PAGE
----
Jimmy’s Pharm Facts : Gardening, Start Small

jimmy blog picture may 2016 300x168 Jimmys Pharm Facts : Gardening, Start SmallI would like to begin this month’s blog with a disclaimer to any Master Gardeners.  This is a blog about learning from someone else’s mistakes and basically “what NOT to do”.  We have all heard the saying “go big OR go home”, right? I unfortunately live by the saying “Go BIG for a while, THEN go home”.  Speaking as a native Texan and having been raised believing “Everything’s bigger in Texas” I sometimes can be overly optimistic in my gardening abilities and time management.  When it comes to gardening I tend to burn out during the “Prep” phase and often times never make it to the “relish in the fruit of my labor phase”.  I start out strong and “use up” all my time and resources in the beginning instead of being realistic.  You know the saying about your eyes being bigger than your plate?  Well that applies to gardening too.  I have a problem with volume.  I overestimate how much to plant and sacrifice quality for quantity.  Another problem I have is simply getting a case of the “I don’t want to”.  For instance, I head out to weed the garden and I can’t see the plants for the weeds. A feeling of being overwhelmed sets in and then the “I don’t want to” does too.  I guess what I am trying to say is be realistic in all things gardening.  If you have to, start small.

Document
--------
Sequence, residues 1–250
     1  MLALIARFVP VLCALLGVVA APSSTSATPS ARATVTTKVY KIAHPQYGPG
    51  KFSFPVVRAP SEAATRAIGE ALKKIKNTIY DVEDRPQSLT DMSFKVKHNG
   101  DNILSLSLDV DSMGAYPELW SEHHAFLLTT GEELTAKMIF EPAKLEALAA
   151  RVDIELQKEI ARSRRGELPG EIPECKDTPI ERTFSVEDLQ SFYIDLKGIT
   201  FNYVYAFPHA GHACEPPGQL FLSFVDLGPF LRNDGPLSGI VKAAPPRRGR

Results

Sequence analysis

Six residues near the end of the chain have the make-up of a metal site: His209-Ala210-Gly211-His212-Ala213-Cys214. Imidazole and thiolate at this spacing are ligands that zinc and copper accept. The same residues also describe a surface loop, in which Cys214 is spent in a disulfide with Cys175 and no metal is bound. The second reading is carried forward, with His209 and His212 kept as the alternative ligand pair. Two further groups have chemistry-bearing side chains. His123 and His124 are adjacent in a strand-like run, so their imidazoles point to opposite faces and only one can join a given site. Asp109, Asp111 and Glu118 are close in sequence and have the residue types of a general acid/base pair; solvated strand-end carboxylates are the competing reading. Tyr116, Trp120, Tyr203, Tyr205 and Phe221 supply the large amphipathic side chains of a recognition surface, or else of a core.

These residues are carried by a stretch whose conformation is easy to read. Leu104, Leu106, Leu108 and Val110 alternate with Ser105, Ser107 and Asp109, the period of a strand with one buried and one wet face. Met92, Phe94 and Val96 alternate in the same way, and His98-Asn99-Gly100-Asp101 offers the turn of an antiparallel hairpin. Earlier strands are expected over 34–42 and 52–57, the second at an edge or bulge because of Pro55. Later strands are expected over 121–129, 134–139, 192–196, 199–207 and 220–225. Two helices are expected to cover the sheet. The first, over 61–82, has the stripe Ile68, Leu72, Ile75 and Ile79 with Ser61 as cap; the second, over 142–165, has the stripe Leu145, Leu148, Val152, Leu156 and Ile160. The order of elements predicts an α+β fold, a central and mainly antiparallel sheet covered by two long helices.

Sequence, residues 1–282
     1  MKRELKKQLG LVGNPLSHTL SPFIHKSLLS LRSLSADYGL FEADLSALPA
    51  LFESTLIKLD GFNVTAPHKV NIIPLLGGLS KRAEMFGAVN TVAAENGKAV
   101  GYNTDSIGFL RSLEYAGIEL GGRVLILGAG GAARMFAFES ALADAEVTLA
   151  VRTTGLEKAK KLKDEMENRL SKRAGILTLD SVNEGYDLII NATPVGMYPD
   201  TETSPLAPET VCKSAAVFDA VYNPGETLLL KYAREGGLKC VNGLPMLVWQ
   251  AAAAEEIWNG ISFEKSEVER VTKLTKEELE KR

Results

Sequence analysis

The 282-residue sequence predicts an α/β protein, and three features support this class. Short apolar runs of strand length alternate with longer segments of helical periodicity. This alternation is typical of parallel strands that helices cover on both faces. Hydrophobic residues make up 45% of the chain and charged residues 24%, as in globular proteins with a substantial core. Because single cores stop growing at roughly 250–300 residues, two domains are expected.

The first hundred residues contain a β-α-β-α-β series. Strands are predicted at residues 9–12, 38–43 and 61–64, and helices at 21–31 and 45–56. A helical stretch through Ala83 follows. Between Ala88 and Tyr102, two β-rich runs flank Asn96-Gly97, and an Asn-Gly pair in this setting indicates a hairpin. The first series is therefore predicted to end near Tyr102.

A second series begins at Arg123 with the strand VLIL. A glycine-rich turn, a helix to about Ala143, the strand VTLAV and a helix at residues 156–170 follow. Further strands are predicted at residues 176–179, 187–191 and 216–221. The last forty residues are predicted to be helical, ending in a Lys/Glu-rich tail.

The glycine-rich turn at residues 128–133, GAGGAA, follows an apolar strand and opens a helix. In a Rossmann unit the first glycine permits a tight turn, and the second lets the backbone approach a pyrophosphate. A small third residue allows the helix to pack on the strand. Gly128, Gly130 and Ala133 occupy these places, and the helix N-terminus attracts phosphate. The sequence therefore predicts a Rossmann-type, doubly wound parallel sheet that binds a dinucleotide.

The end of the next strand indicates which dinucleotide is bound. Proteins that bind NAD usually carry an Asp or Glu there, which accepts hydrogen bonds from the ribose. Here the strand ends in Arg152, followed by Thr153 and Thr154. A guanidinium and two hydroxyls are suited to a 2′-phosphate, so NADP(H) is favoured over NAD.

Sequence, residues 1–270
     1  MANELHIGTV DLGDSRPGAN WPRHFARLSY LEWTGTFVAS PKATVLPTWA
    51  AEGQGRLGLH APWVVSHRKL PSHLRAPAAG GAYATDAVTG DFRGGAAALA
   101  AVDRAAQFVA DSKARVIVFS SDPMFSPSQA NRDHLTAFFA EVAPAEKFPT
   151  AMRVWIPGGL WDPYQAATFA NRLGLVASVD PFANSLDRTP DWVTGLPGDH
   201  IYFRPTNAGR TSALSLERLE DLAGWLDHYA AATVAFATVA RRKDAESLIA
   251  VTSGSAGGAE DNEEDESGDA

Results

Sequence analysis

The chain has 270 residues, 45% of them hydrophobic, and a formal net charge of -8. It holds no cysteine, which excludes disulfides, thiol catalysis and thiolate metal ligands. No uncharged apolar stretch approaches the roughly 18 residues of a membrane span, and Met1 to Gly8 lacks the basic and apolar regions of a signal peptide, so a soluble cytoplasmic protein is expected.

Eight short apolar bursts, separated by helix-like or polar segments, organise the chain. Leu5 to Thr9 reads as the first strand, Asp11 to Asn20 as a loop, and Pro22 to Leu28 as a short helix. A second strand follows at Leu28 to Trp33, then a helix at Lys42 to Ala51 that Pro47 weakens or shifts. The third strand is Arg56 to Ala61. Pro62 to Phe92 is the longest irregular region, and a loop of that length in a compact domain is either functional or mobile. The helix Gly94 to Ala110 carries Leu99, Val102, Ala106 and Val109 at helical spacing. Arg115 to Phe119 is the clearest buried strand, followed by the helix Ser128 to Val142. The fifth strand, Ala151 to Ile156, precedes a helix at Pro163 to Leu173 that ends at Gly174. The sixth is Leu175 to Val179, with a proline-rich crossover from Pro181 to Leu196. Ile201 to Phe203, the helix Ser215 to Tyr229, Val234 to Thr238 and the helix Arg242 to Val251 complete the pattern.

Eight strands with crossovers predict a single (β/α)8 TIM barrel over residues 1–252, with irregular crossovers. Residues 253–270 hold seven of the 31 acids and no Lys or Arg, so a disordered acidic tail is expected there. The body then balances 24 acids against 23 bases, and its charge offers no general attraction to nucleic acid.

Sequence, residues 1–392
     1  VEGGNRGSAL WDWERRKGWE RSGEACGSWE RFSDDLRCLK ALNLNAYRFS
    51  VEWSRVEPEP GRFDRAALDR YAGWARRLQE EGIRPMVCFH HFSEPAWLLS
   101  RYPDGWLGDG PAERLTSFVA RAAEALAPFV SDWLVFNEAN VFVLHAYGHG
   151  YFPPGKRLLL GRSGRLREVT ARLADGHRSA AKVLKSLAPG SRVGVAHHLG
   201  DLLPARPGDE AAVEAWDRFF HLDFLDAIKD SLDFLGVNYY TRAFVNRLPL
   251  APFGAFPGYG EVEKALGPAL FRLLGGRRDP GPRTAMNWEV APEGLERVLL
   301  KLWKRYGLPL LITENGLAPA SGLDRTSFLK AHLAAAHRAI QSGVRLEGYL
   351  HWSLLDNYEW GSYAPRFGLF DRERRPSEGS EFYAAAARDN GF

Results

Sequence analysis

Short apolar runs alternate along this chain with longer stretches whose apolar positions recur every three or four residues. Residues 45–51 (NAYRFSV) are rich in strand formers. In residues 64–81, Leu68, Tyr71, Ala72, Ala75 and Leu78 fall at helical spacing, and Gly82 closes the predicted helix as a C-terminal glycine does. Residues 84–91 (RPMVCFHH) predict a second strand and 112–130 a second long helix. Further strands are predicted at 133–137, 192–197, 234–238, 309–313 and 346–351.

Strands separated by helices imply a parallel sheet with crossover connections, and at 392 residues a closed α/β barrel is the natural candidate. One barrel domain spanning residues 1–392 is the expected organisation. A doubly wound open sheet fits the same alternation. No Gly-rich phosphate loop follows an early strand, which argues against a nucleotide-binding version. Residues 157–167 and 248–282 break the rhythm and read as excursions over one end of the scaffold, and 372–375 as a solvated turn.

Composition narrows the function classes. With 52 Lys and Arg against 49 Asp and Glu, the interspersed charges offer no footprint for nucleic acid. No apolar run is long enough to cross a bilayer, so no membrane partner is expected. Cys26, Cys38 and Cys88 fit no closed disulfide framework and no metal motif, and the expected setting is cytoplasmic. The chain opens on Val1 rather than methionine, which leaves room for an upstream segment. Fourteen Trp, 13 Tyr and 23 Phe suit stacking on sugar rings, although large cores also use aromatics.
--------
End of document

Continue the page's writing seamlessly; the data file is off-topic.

I’ll close this blog with a garden story “gone awry” (Is that a pun? If not it should be). Anyway, a few years ago I got the bright idea to make my own cow manure compost.  It really was a good idea because I had the perfect spot to “harvest” the manure.  I had been feeding my cows in the same spot for several years and had accumulated the richest looking soil on the place.  So, I got my tractor and spent the next week or so scraping and piling and then scraping and piling some more.  I built 3 mini mountains of cow manure. And then….it rained.  And then…. I lost interest.  Every Spring I look out across the pasture and see the new calves engaged in a game of King of the Mountain on the prettiest green hills in Northern Smith County.

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